1. RE point to point: If you are doing a 1-way hike with the shuttle, generally you park your car and then catch a shuttle the morning, where you can better coordinate with a timetable, and then hike back. Also, the NPS can design their bus service around point-to-point day or overnight hikes that weren’t previously feasible/popular whenever everyone drove into the park.

        Yeah, good point. That makes it different than a point to point trip on the Paradise Shuttle. For that I could see myself taking the bus from Ashford to Kautz Creek (with the hoards headed to Paradise) and then hiking to Longmire where I catch the bus back to Ashford. In that case you need good frequency all day. But for the shuttle you are talking about, you don’t. That would make it cheaper as well. You run it every half hour in the morning, and every hour or two after that. You could even just stop running after noon. It would be reasonable to charge a fee for that as well.

        I’m just not sure how many people would use it, just because there aren’t that many one-way hikes on that side of the mountain:

        Frying Pan Creek to Box Canyon (Summerland/Ohanapecosh)– This is a spectacular hike, but either very long for a day hike, or requiring reservations for backpacking.

        Box Canyon to Silver Falls — Never quite gets up into the high country, even though it has a fair amount of up and down.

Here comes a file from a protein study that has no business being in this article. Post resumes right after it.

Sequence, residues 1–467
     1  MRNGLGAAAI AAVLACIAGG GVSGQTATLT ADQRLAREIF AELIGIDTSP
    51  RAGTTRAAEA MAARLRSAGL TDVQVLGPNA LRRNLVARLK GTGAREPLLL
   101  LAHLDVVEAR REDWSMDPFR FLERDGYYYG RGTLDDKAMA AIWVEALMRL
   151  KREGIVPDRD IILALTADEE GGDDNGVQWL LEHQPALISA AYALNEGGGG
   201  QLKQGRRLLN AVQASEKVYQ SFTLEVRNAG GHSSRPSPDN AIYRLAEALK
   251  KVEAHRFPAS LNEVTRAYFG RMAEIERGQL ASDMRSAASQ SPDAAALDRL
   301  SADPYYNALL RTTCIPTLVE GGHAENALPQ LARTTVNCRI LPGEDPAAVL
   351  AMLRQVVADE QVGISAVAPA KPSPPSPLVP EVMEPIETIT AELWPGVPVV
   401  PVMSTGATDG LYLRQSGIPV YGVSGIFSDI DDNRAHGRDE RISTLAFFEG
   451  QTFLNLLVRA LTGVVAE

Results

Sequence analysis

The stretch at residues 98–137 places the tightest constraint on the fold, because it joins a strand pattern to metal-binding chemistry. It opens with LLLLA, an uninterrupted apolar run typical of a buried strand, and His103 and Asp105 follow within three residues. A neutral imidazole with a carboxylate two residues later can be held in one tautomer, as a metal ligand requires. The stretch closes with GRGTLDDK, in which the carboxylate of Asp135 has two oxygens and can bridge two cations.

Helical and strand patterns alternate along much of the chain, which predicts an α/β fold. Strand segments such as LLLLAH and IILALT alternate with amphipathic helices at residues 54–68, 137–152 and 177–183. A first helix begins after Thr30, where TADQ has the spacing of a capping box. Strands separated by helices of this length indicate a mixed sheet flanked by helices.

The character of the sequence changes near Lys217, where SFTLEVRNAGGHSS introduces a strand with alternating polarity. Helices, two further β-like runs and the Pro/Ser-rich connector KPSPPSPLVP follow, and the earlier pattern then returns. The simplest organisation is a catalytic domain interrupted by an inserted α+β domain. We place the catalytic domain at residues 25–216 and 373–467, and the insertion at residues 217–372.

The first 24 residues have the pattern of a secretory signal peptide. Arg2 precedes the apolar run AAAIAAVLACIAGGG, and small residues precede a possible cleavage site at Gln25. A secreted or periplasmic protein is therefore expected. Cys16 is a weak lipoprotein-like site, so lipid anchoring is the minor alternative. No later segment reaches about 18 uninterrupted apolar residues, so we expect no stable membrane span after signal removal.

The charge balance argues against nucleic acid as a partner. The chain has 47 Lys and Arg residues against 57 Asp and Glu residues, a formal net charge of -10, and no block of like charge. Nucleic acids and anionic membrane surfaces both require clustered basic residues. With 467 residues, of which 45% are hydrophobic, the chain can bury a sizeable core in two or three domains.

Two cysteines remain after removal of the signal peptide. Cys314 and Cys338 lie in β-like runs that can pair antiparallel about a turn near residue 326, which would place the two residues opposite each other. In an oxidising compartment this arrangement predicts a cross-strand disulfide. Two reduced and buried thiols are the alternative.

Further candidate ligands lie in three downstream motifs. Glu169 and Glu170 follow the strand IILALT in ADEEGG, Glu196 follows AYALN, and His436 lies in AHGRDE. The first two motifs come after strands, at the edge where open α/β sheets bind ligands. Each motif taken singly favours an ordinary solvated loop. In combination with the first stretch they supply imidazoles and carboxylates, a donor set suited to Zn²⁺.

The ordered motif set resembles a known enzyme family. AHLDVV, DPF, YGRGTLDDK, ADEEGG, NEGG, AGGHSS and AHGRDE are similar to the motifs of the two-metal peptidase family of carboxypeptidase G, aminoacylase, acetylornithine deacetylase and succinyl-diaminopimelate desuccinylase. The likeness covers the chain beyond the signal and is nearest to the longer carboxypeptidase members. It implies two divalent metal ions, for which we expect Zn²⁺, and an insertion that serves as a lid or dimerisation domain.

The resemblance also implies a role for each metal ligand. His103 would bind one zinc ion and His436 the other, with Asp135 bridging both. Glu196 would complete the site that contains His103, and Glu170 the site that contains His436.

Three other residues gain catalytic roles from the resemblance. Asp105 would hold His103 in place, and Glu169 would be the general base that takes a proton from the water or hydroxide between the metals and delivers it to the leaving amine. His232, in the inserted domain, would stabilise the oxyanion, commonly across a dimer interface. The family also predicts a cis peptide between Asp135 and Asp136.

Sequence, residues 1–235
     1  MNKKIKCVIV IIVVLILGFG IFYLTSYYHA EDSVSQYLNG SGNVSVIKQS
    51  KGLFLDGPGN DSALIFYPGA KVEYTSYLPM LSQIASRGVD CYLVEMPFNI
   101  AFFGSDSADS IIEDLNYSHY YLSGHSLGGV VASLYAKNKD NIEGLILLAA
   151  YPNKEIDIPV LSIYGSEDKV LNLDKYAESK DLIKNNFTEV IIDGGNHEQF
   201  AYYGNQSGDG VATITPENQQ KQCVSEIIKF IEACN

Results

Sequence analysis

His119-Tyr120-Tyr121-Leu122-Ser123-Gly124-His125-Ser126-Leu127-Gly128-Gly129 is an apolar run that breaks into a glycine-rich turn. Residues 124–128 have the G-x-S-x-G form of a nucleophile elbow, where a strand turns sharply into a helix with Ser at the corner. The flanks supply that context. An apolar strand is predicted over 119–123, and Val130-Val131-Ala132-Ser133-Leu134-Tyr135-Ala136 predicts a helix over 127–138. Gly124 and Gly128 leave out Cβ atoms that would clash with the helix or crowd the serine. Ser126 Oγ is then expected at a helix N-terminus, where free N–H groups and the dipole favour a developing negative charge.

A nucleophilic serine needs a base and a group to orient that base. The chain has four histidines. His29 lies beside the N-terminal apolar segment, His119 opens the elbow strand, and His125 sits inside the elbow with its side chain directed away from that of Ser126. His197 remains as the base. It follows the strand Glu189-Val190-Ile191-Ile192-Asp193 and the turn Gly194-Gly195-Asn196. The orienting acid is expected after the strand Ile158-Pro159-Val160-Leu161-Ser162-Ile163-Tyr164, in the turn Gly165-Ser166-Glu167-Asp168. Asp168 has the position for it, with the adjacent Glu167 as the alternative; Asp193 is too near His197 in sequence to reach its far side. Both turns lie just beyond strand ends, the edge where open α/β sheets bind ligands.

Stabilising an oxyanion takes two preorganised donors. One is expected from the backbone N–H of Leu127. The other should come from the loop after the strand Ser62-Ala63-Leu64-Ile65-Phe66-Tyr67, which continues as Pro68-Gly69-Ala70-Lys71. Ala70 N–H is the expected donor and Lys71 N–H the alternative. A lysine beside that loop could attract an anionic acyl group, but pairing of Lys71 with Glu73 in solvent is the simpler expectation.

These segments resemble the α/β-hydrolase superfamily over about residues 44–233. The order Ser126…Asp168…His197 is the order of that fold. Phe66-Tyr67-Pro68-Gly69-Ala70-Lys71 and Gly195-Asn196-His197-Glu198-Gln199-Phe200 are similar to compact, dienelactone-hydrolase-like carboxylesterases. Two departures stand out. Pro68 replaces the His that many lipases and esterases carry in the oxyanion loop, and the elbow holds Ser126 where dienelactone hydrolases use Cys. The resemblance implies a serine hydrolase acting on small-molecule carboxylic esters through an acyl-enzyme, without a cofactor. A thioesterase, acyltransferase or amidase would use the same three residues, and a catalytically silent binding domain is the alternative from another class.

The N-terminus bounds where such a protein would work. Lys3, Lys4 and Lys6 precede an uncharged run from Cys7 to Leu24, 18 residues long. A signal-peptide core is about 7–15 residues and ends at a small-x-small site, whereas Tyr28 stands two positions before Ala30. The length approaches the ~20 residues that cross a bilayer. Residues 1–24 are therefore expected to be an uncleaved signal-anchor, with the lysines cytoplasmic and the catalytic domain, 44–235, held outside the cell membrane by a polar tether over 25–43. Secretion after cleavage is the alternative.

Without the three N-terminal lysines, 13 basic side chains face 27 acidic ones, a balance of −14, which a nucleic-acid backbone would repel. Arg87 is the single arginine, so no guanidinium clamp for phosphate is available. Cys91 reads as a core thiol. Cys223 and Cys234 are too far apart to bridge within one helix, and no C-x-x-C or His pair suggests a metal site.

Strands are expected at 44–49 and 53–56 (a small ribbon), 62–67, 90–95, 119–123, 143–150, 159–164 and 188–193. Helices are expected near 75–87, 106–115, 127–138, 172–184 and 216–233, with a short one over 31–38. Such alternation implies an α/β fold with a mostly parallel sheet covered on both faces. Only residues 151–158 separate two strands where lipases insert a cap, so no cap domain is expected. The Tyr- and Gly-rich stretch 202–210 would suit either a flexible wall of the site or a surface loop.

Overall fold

East Side Trail — This is a nice lowland trail, but generally not why people go to MRNP.

        Owyhigh — Similar to Box Canyon to Silver Falls. It is OK, but there are no views of the mountain (unless you go off trail).

        Sunrise to White River — Maybe. It would be interesting to mix it up, but there are lots of loops from Sunrise.

        That’s pretty much it. You could drive all the way around to Mowich Lake, but that is a long distance, and gets you only a handful of trail runners and backpackers. Looping around would only benefit those same users (which make up a tiny portion of those in the park) and the West Side Road is closed (probably permanently). Interestingly enough, there are about as many good one-way trips just by providing that shuttle to Paradise (#1 above). Just to be clear, I would love it. It would be great to do the hike from Frying Pan Creek to Box Canyon. I’m just not sure if that is enough to sustain the shuttle. I would probably only do it once (it looks tough on the knees and the feet) which makes it different than hikes out of Paradise, Sunrise and Mowich Lake.

      2. I think you’d need to run the shuttle all day because not everyone uses it that way. I was just pointing out it unlocks new ways to spend a day in the park that didn’t (easily) exist prior, including perhaps some new trails to be created.

      3. I think you’d need to run the shuttle all day because not everyone uses it that way.

        Yeah, I’m sure there would be people who just ride it and stair out the window. Or drive to Sunrise, then ride the bus back and forth to Paradise (maybe with a brief lunchtime break).

        I was just pointing out it unlocks new ways to spend a day in the park that didn’t (easily) exist prior, including perhaps some new trails to be created.